The murder of George Floyd, and its clearly non-anomalous nature, tooth-picked open the eyes of many white people to the depths of racism, of systematic intrusion of bigotry, and built in barriers to the life, liberty, and pursuit of happiness for vast sets of people of color in the U.S. population. One place the need for re-education in places high and low was evident in the commitment to “deepening my understanding of systemic racism” from Bill Gates. He was explaining his choice for the book at the top of list of 2020 reading: The New Jim Crow. Multiple integrative health and medicine organizations responded to Floyd’s murder with their own statements of solidarity, and of commitment. I reported these just 10 days after Floyd’s death on June 7 (8 organizations) then a second set on June 28 (13 more). As my own commitment, I closed the latter with a promise to check in with these organizations 6 months later to see how they have acted on their commitments. Here is the report-back to the community.
The Integrator Top 10 list ten years ago honored the work of what is now the University of Arizona Andrew Weil Center for Integrative Medicine. I apologized then for the oversight in not honoring their leadership earlier. In truth, I might have done so virtually every year. The simple fact of the matter is that, while one might cringe at any part of a collaborative movement being characterized as the “epicenter” – as University of Arizona’s president characterized the Center recently – the Center has clearly earned the title if what we are talking about is the expansion of “integrative” in academic medicine. Through its 1855 Fellows, through its Integrative Medicine in Residency partners in 99 medical schools, through graduates promoting the integrative paradigm and practice in dozens of nations, and via government-funded projects involving multiple integrative professions, the Center founded by Andrew Weil, MD in 1994 is the gift that keeps on giving. I reached Weil and the Center’s long-time executive director Victoria Maizes, MD, to take a look at the program, its accomplishments, challenges, and what’s ahead.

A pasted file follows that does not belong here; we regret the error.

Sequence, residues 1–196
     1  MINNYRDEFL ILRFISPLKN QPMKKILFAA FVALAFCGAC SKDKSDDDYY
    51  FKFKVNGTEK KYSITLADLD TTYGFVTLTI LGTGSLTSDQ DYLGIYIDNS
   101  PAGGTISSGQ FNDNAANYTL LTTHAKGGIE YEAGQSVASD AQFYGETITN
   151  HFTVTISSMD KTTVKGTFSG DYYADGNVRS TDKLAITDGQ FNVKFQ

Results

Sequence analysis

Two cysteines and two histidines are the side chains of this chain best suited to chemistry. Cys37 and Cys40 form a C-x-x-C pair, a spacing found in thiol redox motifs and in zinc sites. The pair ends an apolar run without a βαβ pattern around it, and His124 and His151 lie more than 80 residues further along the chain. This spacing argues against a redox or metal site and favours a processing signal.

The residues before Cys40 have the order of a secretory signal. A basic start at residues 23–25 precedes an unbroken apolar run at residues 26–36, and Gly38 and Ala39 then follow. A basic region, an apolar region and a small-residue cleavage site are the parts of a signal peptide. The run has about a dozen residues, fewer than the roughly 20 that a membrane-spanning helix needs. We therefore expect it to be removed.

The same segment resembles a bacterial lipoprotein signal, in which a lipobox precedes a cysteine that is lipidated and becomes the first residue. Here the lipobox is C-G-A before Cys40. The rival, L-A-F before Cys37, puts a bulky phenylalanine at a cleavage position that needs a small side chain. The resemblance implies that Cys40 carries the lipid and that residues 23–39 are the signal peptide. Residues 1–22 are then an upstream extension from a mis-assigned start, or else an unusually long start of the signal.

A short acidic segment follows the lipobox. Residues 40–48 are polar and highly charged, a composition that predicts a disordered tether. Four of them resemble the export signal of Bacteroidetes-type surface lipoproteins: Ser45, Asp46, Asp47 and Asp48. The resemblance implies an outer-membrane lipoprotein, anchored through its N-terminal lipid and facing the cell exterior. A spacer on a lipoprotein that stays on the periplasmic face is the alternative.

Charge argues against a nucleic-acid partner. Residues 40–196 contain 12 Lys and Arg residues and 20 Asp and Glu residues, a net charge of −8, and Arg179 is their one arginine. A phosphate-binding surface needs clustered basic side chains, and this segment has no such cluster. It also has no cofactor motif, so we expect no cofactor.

The project began as 15 minute DVD that was to be an in-office tool to help explain developmental movement and the work of dance movement therapists (DMTs). Perhaps because the need for resources about this part of the ascending interest in creative arts therapy was so great, the short film mushroomed into 30 taped interviews. This wealth of demonstrations, case studies and dialogues were then shaped by the project director/producer, Hana Kamea Kemble, RCC, BC-DMT into the 3-part The Moving Child documentary. With both trauma and creative arts gaining higher profile, at the NIH National Center for Complementary and Integrative Health (NCCIH) and elsewhere, the timing appears to be particularly strong for this well-produced documentary to launch DMTs and therapeutic movement as a presence in multiple healthcare contexts.
In 2001, Mayo Clinic received a transformative jolt of integrative energy at a fortuitous moment. The institution was about to celebrate the opening of the 21-story Gonda Building. What a Minnesota news account called a “transformative project” was funded originally with a $45-million bequest from Southern Californians Leslie and Susan Gonda. Their daughter, Lucy Gonda, then an activist and philanthropist in the emerging integrative medicine field, recognized an opportunity. There would likely be no better time to stretch herself for her most significant integrative grant. She piggy-backed onto the celebration of her parents’ gift to throw in the spotlight a struggling, nearly invisible integrative medicine operation. This article examines what has been built since the injection from the “god-mother of integrative medicine at Mayo.”